For fans of electronic music, the surname Froese really needs little or no introduction and Edgar’s son Jerome has forged a musical career which has seen him partnering his father in TANGERINE DREAM between 1990-2006 before pursuing a solo project resulting in four of his own albums.

Following this came a teaming up with ex-TD member Johannes Schmoelling and Robert Waters as LOOM. On the near horizon is the much-anticipated collaborative work with PROPAGANDA’s Claudia Brücken called ‘Beginn’.

Jerome kindly took time out to speak to The Electricity Club about subjects including his musical upbringing, his exposure to cutting edge electronic equipment and the contentious subject of the continuation of TANGERINE DREAM without Edgar’s involvement.

To those that know your background, your musical upbringing might seem obvious, but could you describe how you got into music and some of your early experiences?

At first I was lucky enough to be brought up within a totally strange cultural environment! This was a concern to my parents as well as to the other band members and their circle of friends. Therefore almost all of their artistic activities were geared towards leaving well-beaten paths for entering an entirely new area of sounds and a completely different way of using instruments or things which hardly could be described as instruments.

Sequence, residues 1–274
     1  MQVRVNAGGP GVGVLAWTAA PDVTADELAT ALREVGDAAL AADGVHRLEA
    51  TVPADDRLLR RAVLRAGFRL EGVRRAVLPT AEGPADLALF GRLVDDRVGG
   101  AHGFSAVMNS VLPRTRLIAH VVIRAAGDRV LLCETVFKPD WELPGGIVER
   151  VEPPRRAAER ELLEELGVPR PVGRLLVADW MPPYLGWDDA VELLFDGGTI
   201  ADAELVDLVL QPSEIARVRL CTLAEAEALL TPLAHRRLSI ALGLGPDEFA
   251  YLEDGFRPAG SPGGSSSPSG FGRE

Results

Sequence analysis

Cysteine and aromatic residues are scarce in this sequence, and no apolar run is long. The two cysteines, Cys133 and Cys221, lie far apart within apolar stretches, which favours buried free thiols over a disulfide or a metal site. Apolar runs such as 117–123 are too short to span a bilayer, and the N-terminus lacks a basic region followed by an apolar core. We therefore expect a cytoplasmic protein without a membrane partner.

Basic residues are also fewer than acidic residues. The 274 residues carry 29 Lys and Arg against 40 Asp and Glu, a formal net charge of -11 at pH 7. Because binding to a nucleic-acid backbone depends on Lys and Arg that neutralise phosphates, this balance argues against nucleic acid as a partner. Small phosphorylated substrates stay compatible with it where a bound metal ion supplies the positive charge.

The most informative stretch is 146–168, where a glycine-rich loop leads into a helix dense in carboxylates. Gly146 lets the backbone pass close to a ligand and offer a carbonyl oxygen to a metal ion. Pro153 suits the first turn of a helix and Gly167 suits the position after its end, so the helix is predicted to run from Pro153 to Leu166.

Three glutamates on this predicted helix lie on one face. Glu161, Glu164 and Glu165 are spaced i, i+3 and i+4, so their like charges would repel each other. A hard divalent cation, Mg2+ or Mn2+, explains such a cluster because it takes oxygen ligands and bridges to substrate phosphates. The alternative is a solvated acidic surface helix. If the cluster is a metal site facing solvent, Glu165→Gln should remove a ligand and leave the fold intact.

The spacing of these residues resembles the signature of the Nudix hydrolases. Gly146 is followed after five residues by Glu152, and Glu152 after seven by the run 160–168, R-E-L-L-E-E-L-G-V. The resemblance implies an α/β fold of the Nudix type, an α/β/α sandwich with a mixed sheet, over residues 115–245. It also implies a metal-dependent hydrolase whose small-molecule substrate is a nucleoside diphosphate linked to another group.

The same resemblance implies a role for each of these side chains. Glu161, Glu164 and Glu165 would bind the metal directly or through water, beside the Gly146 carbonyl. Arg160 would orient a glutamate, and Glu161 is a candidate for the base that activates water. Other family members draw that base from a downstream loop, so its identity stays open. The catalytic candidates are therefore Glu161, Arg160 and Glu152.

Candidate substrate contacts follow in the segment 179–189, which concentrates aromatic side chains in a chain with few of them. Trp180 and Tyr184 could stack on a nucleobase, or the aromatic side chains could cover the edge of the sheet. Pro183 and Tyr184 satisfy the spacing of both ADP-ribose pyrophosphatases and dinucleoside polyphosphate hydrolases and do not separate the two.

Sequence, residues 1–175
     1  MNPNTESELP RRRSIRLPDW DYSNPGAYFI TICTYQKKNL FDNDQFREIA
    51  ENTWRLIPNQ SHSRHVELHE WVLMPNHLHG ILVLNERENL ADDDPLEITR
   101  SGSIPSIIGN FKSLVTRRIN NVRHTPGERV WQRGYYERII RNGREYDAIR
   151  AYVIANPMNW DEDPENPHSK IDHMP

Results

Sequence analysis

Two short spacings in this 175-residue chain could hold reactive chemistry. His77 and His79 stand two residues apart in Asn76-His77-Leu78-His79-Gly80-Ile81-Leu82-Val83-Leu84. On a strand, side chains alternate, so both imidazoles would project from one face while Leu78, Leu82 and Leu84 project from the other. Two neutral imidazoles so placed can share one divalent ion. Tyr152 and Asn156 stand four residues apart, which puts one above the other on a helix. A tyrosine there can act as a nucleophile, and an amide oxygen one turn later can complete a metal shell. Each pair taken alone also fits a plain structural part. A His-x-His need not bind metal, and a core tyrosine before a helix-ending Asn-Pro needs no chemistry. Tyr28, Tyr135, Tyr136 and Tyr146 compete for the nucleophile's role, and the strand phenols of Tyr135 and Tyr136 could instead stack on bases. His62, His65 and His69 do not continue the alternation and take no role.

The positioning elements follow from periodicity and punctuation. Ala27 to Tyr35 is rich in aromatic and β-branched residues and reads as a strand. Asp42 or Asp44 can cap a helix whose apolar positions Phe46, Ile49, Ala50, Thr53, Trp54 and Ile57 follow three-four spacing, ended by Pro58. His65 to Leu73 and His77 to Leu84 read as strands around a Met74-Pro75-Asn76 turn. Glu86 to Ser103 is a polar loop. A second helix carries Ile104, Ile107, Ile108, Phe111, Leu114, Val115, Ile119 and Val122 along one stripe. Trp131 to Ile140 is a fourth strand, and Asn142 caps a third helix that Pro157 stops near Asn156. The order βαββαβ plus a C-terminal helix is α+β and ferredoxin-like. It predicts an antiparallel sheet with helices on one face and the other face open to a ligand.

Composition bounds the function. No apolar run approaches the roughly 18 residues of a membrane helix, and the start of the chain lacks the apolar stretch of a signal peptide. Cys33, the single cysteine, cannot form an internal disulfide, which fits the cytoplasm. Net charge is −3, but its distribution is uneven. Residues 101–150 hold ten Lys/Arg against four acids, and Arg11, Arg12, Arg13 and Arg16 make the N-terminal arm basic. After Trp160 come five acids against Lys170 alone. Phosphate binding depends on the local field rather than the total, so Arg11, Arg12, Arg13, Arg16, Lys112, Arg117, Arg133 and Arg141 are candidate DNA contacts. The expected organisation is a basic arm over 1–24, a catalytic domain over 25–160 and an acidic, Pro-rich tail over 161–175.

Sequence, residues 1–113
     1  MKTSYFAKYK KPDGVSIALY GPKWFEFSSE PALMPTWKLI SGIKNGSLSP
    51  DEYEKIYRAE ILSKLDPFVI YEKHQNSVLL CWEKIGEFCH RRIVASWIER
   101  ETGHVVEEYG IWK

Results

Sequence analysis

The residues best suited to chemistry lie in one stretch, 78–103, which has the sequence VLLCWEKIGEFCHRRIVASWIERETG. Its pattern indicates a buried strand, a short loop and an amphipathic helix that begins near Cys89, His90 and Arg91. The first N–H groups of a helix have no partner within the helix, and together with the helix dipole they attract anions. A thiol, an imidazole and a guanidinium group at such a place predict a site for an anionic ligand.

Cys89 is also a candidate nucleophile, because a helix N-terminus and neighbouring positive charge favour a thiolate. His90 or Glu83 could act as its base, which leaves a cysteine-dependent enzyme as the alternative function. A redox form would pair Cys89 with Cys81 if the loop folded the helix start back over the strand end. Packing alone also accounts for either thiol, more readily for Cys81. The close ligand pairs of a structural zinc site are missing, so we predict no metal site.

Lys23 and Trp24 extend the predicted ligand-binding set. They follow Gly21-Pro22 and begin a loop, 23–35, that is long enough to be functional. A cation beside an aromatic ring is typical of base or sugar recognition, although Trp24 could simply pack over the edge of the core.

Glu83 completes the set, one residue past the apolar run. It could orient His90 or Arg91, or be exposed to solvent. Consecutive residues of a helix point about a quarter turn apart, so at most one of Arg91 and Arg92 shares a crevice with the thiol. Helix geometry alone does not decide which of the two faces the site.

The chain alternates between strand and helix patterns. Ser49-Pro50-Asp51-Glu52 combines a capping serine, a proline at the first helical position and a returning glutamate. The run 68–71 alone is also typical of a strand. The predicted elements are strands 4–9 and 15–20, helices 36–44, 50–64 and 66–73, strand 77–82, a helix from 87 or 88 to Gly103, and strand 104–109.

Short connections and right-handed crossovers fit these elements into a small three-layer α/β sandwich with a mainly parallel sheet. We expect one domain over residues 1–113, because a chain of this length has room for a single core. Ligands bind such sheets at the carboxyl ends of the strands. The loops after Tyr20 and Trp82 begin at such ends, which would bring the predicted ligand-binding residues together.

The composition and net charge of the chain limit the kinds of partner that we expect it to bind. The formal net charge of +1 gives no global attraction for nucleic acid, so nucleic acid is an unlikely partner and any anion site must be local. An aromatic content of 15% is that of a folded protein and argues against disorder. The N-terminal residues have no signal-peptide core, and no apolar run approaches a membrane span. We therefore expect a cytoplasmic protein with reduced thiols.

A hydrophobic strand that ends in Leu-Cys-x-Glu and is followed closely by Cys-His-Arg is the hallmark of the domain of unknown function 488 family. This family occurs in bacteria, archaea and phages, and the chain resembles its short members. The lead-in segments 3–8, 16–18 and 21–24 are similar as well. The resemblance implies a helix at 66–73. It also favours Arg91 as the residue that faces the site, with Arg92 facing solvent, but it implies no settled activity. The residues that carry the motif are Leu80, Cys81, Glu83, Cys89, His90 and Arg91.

Ever since I can remember, I was a fan of soundscapes and Sci-Fi technology; so naturally I was very keen to play with all kinds of items which looked or sounded like that. That’s why in the early 70s, an EMS VCS3 synthesizer may have been used by the baby of the family for other than its intended purpose!

Due to the fact that TANGERINE DREAM always wanted to be cutting-edge in terms of equipment, there was a lot of discarded stuff stored in a loft above our office in Berlin.

I’m remembering countless big units of Mellotron audio tape cartridges and many other curiosities which have filled the room to the brim for a certain time. Nevertheless, all the newest tech could always be seen at Chris Franke’s huge studio which was located in an old cinema and was definitely a ‘wow’ moment for any ‘electronic’ musician!

Once there, you were able to find prototypes of synth and computer legends like the PPG Wave, Oberheim or the E-mu Emulator as well as the first Apple Macintosh or just some strange custom-built stuff.

Chris was a real tech freak, putting his hands on any gadget which was accessible or could be game-changing in some kind of way.

Edgar was more pragmatic equipment-wise, selling his unneeded stuff after some time. Some years ago he told me that he only regrets the disposal of his Memory Moog and Oberheim 4 Voice. But I’m going off on tangents…